I was a latecomer to tagging. When this site first started, it didn’t have any for the first month or so. After a while I started adding them, pointing them to Technorati. Back then, the site was running on WordPress version 1.5.something, and it didn’t have any built-in tagging support. I was trying to avoid using too many WordPress plugins, and I didn’t think that tag management (as distinct from tagging per se) mattered all that much; so I wrote all the tags manually. Like this, at the end of each post, with the <a> element repeated for each tag:

<small>Keyword noise: <a class="tag" rel="tag" href="…">tag1</a>, …</small>

Which worked, quite well; there was a visually distinct “tag” class, because I wanted tag links – which all led to Technorati back then – to be visually distinct from regular links which would go to whatever they were about.

Things move on, though, and WordPress has since gained built-in tagging functionality. Given that I’m redesigning the whole site, and putting in new built-from-scratch layout templates, I thought I may as well switch to using a more organising tagging system. For one thing, it means less typing each time I write a post. All that code up above is replaced by one little chunk in the template:

<p id="thetags"><small><?php the_tags('Keyword noise: ', ', ' ,");?></small></p>

This one covers all the tags, calling a Wordpress API function to pull them out of the database and convert them into HTML. I know all those commas and quotes look a bit confusing; but really they’re not that bad. And the point is: this is in the template, not in each post. That bit of code there only has to be written once; the previous chunk had to be typed out every time. The most awkward part is that WordPress isn’t flexible enough to let you set the class of each link individually, hence the <p class="…"> at the start.

The big change this leads to, though, is that the tag links no longer point to Technorati. Now, they point back to the site itself: tag page requests generate a page containing every post marked with that tag. And, already, that’s shown that people do indeed click on the tags. People, particularly people coming from searches, do seem to use them. Whether they find them useful or not is another matter, of course, now that they point back within the site and not to a broader variety of opinions on the matter; but they do get used.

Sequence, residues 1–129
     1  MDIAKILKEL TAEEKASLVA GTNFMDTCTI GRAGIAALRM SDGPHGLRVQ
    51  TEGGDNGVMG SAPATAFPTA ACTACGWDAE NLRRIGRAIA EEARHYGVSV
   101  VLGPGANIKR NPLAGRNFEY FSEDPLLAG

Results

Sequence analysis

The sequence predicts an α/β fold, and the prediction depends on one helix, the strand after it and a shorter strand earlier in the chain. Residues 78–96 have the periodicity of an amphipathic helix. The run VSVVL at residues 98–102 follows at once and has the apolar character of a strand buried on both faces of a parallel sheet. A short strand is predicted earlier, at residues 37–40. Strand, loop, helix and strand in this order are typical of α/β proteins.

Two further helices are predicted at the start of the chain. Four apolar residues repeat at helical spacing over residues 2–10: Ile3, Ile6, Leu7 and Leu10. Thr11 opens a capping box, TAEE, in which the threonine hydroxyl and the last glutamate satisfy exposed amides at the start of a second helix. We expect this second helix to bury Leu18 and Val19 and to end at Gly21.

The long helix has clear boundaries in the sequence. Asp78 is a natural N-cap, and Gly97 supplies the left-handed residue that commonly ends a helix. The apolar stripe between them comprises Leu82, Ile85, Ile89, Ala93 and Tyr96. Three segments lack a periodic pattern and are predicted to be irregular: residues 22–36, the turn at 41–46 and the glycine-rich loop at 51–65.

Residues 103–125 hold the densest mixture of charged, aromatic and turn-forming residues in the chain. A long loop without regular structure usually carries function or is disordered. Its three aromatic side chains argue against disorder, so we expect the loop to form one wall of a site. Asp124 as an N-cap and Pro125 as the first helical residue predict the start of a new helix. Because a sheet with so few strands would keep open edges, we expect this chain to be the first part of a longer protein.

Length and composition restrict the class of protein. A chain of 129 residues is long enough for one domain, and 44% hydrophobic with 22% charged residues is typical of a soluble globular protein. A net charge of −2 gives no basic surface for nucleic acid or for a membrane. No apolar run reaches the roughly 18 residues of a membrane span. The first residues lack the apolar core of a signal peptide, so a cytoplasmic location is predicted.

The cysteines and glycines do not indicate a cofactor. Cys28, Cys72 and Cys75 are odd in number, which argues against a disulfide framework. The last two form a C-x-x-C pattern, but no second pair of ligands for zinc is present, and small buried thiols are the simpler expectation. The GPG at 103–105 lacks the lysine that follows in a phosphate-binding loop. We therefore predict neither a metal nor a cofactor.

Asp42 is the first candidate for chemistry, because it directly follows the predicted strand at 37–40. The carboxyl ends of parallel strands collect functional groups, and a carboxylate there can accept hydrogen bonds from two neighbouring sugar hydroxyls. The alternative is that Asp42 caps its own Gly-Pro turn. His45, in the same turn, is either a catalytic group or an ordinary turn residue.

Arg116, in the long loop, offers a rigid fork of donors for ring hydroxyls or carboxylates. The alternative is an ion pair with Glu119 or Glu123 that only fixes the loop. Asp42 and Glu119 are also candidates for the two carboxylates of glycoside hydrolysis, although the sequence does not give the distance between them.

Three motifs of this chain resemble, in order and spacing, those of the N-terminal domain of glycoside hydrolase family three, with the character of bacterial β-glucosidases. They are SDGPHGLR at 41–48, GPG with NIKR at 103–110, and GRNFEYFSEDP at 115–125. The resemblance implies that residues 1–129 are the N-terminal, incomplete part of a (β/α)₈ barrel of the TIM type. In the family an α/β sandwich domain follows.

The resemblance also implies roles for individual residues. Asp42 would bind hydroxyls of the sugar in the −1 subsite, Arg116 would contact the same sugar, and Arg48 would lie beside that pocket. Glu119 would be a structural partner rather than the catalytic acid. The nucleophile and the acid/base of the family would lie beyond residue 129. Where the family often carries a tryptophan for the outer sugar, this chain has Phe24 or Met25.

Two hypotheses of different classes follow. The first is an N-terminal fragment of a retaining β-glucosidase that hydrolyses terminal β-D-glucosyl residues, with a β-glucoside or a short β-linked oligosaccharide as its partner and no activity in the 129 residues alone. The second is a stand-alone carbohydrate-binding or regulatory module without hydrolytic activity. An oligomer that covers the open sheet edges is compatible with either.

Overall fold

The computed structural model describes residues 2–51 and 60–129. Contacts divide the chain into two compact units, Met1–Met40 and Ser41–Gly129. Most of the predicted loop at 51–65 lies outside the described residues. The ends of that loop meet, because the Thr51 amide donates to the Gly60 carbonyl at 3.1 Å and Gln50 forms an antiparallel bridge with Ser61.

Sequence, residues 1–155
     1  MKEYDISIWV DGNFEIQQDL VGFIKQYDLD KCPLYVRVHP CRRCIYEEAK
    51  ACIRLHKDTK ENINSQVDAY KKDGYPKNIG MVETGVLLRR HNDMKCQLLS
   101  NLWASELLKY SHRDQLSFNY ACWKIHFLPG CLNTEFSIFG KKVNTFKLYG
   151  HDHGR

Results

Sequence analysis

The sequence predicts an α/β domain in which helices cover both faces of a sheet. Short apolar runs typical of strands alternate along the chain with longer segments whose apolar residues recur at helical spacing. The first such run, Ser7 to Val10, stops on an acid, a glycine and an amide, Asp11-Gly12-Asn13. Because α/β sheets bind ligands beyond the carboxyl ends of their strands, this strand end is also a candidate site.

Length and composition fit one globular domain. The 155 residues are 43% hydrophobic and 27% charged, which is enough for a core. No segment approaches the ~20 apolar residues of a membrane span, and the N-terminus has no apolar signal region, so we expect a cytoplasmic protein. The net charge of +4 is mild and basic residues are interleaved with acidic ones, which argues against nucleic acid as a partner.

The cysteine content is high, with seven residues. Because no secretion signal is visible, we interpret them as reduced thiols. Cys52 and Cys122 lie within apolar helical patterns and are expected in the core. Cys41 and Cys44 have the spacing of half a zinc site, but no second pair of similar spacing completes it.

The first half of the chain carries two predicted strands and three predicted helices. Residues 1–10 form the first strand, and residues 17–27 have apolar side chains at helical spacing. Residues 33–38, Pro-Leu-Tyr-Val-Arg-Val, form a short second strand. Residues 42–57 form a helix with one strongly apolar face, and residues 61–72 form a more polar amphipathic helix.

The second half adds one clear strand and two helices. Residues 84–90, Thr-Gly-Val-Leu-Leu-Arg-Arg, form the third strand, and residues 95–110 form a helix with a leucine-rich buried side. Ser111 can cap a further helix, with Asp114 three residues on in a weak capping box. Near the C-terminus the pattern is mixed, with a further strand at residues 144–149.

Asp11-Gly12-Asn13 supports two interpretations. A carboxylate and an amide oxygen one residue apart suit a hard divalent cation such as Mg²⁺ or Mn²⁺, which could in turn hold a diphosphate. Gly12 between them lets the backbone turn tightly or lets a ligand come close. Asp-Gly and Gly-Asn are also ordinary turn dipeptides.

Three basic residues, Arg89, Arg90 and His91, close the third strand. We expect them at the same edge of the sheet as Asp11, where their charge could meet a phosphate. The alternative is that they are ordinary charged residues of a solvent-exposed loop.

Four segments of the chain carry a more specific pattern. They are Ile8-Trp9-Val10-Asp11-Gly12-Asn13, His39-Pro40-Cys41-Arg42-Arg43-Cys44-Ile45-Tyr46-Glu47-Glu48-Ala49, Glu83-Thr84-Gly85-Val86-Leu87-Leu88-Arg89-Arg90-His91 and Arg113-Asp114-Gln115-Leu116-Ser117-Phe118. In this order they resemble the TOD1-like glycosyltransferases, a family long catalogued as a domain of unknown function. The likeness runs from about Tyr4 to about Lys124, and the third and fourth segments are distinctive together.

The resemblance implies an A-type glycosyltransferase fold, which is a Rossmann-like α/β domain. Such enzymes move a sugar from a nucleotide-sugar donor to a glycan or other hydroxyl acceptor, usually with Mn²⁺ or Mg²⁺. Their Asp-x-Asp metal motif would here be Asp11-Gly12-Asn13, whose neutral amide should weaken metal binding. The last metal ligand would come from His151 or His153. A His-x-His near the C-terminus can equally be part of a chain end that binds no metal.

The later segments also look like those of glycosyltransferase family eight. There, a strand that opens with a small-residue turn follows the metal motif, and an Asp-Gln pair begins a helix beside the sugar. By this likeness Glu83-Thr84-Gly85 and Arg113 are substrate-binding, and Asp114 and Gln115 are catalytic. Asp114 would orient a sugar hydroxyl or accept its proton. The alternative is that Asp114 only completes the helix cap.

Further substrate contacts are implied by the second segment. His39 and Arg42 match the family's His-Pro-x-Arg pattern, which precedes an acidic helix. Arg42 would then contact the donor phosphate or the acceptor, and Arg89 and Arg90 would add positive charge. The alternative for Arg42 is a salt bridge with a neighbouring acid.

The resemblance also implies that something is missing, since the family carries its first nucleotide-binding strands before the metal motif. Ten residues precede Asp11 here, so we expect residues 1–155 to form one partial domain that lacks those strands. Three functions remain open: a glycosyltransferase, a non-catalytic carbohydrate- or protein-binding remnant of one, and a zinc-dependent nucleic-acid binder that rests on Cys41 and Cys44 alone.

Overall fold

Doing it this way means that I put more tags on each post, simply because there’s much less typing to do. Conversion, though, is going to be a bit of a job. Right now there are 760-odd posts on this site, all of which I’m having to reread and re-tag. It’s going to take a while, but hopefully the majority of it will be done by the time the new design is finished.* The only problem with this transitional phase is that: the current template is, because of its age, completely unaware of tags. So it doesn’t really know what a tag-based archive page is; so when you click on a tag, there’s no explanation as to what you’re looking at. I’m not sure if this is going to be a problem for you readers or not; and, hopefully, it’s only going to be a short-lived situation.

The word “folksonomy” has often been used to describe this sort of tagging system. I’m not sure it’s an ideal term for what I’m doing, though. “Filksonomy” might be more relevant: a bit like a folksonomy, but rather more whimsical and silly.

*** In any case, there are plenty of other parts of the new design that also need each post checking and potentially editing.

Reading list

In which we discuss books and the French Revolution